Following the success of India’s recent Chandrayaan-3 Moon mission, the Indian Space Research Organization (ISRO) has now set its sights on the Sun.
The space agency revealed plans to launch Aditya-L1 to study the solar atmosphere on September 2, 2023.
In an official statement published on its website, the IRSO said it was “the first space-based Indian observatory to study the Sun”. Only NASA, the German Aerospace Center (DLR), and the European Space Agency (ESA) have previously launched probes into orbit to study the Sun.
Aditya-L1 will carry seven payloads, including electromagnetic and particle field detectors, to observe the Sun’s outermost layers, known as the photosphere, the chromosphere, and the corona.
“The suit of Aditya L1 payloads are expected to provide most crucial information to understand the problems of coronal heating, Coronal Mass Ejection, pre-flare and flare activities, and their characteristics, dynamics of space weather, study of the propagation of particles, and fields in the interplanetary medium etc,” the ISRO noted in a mission booklet issued on August 28, 2023.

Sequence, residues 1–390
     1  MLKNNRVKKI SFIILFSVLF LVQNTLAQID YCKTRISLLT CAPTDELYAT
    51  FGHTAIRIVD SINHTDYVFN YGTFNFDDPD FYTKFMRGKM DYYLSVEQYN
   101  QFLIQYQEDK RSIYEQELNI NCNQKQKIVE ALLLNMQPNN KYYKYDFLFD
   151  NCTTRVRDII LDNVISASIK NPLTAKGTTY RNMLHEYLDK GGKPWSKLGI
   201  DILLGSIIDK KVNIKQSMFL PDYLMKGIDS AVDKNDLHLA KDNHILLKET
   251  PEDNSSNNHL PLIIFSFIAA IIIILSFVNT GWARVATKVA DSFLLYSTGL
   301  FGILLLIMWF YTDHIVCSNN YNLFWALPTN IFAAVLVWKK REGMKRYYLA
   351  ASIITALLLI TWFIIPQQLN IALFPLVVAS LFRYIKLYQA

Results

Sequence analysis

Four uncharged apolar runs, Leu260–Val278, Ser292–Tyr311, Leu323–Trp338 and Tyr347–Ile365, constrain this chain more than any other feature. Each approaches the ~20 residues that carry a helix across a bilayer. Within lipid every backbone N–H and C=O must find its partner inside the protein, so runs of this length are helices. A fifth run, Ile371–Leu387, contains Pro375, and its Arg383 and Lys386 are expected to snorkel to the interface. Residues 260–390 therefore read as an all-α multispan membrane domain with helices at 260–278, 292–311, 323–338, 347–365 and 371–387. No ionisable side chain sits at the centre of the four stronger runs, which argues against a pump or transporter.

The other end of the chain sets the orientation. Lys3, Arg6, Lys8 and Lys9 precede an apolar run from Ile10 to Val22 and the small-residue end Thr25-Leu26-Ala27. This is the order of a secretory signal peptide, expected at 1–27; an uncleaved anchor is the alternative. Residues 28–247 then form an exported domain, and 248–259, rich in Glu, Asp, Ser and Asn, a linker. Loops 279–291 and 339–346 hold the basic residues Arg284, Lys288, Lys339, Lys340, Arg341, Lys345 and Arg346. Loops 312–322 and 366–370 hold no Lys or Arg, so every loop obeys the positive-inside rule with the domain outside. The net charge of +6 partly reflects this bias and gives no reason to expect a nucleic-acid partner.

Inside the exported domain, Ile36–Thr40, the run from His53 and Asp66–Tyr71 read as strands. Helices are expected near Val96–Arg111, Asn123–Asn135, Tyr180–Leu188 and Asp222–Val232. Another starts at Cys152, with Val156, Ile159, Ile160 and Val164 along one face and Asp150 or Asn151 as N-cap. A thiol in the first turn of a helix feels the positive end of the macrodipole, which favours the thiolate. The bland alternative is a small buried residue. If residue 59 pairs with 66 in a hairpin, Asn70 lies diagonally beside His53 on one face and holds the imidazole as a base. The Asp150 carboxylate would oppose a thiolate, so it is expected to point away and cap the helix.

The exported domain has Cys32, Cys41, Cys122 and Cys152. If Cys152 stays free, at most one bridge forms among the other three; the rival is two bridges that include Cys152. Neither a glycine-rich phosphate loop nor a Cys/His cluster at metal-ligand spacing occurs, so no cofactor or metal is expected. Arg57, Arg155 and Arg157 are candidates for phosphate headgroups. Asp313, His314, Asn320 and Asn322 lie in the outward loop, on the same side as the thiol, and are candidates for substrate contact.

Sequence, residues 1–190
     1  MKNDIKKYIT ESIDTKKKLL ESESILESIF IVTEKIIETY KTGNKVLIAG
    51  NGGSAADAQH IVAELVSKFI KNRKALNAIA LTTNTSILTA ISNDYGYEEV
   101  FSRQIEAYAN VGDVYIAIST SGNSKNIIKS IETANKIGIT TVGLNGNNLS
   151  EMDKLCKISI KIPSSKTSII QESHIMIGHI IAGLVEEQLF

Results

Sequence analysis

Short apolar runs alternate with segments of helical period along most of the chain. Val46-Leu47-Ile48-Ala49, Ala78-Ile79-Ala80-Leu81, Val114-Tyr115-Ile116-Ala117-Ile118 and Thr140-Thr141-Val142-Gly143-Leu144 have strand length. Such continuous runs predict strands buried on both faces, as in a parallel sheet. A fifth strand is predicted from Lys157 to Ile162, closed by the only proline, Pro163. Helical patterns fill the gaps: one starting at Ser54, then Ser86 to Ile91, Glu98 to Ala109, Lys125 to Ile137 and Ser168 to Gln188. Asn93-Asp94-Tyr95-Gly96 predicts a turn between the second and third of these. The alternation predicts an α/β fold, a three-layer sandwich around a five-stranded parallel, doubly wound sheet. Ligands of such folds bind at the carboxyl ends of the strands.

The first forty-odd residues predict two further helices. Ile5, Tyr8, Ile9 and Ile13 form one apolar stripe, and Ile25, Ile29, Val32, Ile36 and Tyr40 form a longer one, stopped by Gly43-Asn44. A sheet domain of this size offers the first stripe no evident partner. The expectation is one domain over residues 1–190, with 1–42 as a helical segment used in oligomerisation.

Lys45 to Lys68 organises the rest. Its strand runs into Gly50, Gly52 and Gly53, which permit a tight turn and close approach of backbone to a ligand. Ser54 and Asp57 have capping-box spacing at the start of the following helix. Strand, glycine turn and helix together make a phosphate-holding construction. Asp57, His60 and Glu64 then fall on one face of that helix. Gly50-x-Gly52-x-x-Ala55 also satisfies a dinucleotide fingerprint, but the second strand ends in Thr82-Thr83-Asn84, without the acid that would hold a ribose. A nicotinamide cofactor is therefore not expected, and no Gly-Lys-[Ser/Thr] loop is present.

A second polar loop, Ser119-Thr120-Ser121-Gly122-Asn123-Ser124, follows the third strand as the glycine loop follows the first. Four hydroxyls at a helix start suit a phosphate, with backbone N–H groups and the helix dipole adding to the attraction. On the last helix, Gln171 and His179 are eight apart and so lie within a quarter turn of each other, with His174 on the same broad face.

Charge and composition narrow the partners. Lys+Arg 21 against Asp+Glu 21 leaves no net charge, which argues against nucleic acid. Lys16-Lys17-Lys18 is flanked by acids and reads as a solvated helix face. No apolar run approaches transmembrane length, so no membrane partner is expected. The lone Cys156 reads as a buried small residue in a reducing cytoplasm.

The Aditya-L1, named after the Hindi word for the Sun, is projected to reach the L1 halo orbit at approximately 1.5 million kilometers from Earth in four months. This region of space will provide it with a continuous clear view of the Sun.
The spacecraft is scheduled to be launched from the country’s main spaceport, the Satish Dhawan Space Centre in Sriharikota, India at 11:50 am local time.
This mission marks the latest milestone in India’s ambitious space program. The country recently became the first to land a probe on the Moon’s South Pole, one of the main goals for both China and US trying to establish itself as a stronger party in a “space race”.